The emission scandal at the world’s second largest auto maker, Volkswagen, has reportedly “rocked” the German political and business elites.  Some have argued that it will rival the refugee challenge for Germany.  Others have argued that it is a source of euro weakness.

To be sure Volkswagen is the not first automaker that has been caught manipulating its emissions tests. Ford was found to have done a similar thing with its vans in 1997.  Hyundai and Kia were fined $100 mln last year for fixing their tests.

This is not to justify in any way what Volkswagen has done, but simply to note that there is no precedent for this turning into some sort of systemic crisis.  Its impact on the euro’s exchange rate should not be exaggerated.  First, consider the euro-dollar’s correlation with the DAX.  Conducting the correlation on the basis of percentage change, finds the correlation is -0.39 over the past 60 days and -0.45 over the past 30 days.  However, the inverse correlation is greater between the euro and the S&P 500 than it is with the DAX at -0.52 and -0.60 for the past 60 and 30 days respectively.

Second, here is a Great Graphic (composed on Blomberg) that shows the performance of Volkswagen ADR (white line) and the euro-dollar exchange rate (yellow line).  The euro rallied strongly in April through mid-May, while Volkswagen shares continued to trend lower.  Similarly in the first part of June, the euro appreciated without the an interruption of Volkswagen’s downtrend.  This happened again in late August.  When news of the scandal first broke, the euro was already coming off from its post-FOMC bounce.

Just because the Volkswagen scandal may not be having broader capital market implications does not take away from the gravitas of the situation.  Volkswagen employs 270k workers directly and even more indirectly through its suppliers.  The German auto sector employs 775k people.  Autos and parts are the largest German exports accounting for about 20% of roughly 200 bln euros.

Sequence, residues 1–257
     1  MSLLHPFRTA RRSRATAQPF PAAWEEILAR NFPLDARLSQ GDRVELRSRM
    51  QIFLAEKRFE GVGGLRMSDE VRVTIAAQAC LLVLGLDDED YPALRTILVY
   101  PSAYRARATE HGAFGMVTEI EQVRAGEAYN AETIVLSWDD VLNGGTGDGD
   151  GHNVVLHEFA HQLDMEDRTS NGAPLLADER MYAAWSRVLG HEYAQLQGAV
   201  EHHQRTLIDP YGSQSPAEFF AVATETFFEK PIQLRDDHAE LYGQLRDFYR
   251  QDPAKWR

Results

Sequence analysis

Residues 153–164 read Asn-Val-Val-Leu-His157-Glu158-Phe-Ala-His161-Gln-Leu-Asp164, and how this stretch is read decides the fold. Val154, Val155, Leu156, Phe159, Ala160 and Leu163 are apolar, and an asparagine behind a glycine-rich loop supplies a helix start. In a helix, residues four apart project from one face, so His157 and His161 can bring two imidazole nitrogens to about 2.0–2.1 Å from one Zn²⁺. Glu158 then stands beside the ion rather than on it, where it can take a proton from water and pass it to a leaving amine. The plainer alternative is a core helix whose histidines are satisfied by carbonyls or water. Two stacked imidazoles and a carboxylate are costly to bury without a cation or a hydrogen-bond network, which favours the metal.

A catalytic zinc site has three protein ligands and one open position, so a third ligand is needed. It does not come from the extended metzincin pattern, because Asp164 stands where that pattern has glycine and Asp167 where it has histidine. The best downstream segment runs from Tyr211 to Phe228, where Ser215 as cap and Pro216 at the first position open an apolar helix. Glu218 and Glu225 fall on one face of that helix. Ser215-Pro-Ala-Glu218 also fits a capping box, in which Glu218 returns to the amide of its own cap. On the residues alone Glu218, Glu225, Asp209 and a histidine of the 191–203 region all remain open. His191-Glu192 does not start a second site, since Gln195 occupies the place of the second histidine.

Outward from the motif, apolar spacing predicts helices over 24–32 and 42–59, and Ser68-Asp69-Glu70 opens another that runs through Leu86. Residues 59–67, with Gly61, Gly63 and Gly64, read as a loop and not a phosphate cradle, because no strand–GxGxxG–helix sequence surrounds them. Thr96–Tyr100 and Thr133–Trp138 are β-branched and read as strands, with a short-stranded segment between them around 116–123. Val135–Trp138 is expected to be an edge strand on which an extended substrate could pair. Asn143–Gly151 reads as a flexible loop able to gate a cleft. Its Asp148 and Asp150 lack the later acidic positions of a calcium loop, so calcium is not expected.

The fine from US authorities may be a maximum of $18 bln.  There are also other legal costs, including likely fines from other authorities.  In addition, there are costs associated with the recall.  There may also brand costs and increased costs of production to fix the problem, let alone costs associated with tougher regulation, which will be a likely consequence.  In terms of valuation, the market cap has been reduced by a little more than 20 bln euros.     The German auto industry also faces headwinds from the Russian sanctions and the slowdown in China.

More broadly, the scandal comes at a time when many Germans find themselves at a crossroads.  Through the financial crisis and the sovereign debt crisis, Germany emerged as a regional hegemon, though many Germans would not accept that label.  Yet it is clear that France has been unable to match German economic prowess or rival it for leadership in Europe, even if still can command key appointments in the multilateral institutions.

German was widely criticized for wanting to strictly enforce the controlling treaties of EMU, especially on fiscal transfers.  After losing a vote at the ECB, the Bundesbank participated in an end run to the European Court of Justice.  The ECJ overruled the Bundesbank’s objections.  Germany is also criticized by the EU, the IMF and the US for its large current account surplus and the lack of stimulus to help offset the austerity in the periphery.   Most recently, Germany has been criticized showing flexibility over the rules for its unilateral overture to take 800,000 refugees.

The Vokswagen scandal is more embarrassing for the German model and conceit of rules-based society than material for the German brand.  Germany’s two fears, being isolated or being blamed for the destruction of Europe are not at play here.  On the other hand, the German export of schadenfreude is fully in play.